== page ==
It’s that time of year again: you’re looking for gifts for your friends and family, and maybe making up a list for yourself. Although videogame companies always want to dazzle with the newest and shiniest products around this time of year, many gamers and collectors are just as interested in looking back to retro systems and their games.

For this holiday season, we’ve compiled some common, uncommon, and rare picks for some retro Sony systems: the PlayStation 1, PlayStation 2, and the original PSP. Whether you’re new to the system or an avid collector, these are some must-have games.


PlayStation 1: Spyro the Dragon (1998), Metal Gear Solid (1998)

Spyro the Dragon stars Spyro, a young dragon who is tasked with rescuing his dragon elders, recovering stolen eggs and other treasures, and defeating the Gnasty Gnorc. It’s a cartoonish platformer, just the right level of difficulty for a younger player, and hard enough for an adult who wants to 100% it. Its standouts are easy-to-use controls and fantastic music. Some of the graphics look primitive even for their time, but overall the game’s aesthetic is pretty good.

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Metal Gear Solid is a bit more on the adult side of things, however. This stealth game follows the spy Solid Snake into a nuclear weapons facility. This game shows off the odd cleverness its creator, Hideo Kojima, is now known for: a psychic enemy can read your memory card and render your first-person controller port useless, and a certain code can only be found on the (original) game case if you forget it. This is a difficult game, but it rewards thinking outside of the box, and you truly feel accomplished when you overcome the challenges thrown at you.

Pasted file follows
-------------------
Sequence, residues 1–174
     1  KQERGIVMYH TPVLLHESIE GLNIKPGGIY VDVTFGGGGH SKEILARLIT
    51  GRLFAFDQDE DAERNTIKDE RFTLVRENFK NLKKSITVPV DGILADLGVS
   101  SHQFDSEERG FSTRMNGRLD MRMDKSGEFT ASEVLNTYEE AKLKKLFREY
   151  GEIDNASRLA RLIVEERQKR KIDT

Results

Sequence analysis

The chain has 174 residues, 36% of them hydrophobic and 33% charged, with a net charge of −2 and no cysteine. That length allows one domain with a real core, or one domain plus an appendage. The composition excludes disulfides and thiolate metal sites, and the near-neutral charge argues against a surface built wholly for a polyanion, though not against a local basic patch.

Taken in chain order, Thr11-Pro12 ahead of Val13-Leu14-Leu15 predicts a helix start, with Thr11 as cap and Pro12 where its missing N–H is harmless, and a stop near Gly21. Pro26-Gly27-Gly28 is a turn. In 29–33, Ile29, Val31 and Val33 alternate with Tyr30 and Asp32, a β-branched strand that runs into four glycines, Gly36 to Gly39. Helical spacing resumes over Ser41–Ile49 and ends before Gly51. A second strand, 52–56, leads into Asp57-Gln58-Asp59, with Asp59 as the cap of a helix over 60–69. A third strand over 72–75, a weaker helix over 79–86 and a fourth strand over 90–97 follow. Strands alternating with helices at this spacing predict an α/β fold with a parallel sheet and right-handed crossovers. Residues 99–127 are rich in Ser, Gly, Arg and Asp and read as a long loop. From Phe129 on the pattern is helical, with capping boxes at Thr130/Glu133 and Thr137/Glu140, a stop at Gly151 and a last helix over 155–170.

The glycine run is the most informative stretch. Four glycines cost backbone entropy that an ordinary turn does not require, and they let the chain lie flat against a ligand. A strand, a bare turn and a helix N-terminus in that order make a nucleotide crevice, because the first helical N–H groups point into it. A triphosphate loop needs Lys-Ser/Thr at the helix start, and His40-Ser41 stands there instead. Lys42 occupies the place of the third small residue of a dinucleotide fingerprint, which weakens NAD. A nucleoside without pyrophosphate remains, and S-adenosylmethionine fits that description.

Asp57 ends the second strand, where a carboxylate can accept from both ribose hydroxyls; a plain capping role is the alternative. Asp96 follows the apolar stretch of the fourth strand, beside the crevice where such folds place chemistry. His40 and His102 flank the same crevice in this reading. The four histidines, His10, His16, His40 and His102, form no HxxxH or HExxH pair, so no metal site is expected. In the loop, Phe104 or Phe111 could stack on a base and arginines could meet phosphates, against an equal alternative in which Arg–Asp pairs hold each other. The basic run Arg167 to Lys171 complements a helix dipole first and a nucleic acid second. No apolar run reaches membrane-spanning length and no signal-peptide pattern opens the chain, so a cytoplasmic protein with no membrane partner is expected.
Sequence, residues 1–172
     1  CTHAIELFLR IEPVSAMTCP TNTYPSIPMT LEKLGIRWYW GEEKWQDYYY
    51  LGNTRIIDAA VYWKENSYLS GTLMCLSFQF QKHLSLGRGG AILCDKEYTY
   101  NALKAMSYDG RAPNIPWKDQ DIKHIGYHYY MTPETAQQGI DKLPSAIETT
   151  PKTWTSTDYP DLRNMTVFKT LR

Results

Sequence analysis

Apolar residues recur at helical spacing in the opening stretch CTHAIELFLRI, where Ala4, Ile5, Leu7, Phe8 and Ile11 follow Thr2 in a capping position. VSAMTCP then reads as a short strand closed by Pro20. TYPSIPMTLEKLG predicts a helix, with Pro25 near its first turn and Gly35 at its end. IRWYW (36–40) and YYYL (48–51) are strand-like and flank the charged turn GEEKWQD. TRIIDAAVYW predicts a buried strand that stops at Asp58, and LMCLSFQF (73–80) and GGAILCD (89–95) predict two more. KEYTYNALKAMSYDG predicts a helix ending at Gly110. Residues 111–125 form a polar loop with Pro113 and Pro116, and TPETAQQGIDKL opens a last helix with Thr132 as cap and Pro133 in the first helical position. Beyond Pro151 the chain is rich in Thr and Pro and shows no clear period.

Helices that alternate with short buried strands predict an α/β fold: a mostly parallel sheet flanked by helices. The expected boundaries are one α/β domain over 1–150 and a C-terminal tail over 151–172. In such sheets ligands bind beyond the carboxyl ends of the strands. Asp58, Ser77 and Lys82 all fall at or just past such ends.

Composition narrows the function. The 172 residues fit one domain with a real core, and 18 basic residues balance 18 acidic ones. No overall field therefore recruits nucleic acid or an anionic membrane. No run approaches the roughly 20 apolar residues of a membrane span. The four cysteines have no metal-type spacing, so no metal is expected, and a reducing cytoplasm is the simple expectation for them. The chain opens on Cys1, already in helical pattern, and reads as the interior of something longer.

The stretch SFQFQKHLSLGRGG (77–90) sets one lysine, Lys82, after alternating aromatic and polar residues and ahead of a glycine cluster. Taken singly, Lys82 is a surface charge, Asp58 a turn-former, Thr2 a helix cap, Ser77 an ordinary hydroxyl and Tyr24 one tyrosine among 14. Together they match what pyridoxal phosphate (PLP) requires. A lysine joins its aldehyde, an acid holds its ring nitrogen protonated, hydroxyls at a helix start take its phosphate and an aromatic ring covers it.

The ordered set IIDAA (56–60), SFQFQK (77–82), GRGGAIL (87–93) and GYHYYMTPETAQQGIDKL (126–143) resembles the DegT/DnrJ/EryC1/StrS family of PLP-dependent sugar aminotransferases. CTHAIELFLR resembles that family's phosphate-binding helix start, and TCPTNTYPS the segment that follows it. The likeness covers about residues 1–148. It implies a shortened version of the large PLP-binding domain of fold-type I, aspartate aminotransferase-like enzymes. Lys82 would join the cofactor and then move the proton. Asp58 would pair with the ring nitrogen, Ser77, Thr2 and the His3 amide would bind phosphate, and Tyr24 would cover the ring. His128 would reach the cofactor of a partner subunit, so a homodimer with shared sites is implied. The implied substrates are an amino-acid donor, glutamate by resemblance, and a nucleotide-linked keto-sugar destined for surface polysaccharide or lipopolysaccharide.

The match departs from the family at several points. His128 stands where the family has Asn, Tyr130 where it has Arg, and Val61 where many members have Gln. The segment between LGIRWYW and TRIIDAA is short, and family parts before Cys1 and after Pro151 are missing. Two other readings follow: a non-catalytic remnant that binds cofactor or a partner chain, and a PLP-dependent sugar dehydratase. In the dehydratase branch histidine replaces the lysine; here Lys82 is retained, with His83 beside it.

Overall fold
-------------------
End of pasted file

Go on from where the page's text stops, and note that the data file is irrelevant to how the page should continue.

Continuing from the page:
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Playstation 2: Devil May Cry 3 (2005), Kingdom Hearts II (2005)

Devil May Cry 3 is your basic action-adventure hack-and-slash. It’s actually a prequel to the first game in the series, and even Capcom doesn’t talk about the second game anymore, so you can start with 3. One of the coolest things about this game was that the bosses became your weapons once defeated, which led to some pretty interesting weapon designs and weapon handling. Some of the “cool” stuff seems a little cheesy now (one weapon is a literal electric guitar, and the “D” attack rating is “Dope”), but it’s still a pretty fun, just-challenging-enough game.

The “Dante’s Awakening” edition allows players to try the game out as Vergil, Dante’s brother. This edition is just as easy to find as the original, oftentimes still a part of the collector’s box set of the first three games that it was originally released with.

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Kingdom Hearts II is a game meant for younger players. It sounds like a fanfiction: Final Fantasy characters and Disney characters fighting together for the forces of light and dark! It’s actually an enjoyable action-adventure hack-and-slash (no blood in this one, though) game, and it marks the exact moment before the storyline of the Kingdom Hearts series flew off the rails. It’s an accessible game, it’s unintentionally a little goofy (no pun intended) when characters like Mickey Mouse speak of good and evil and the darkness of man’s heart, but the only huge negative is the six-hour tutorial that cannot be skipped.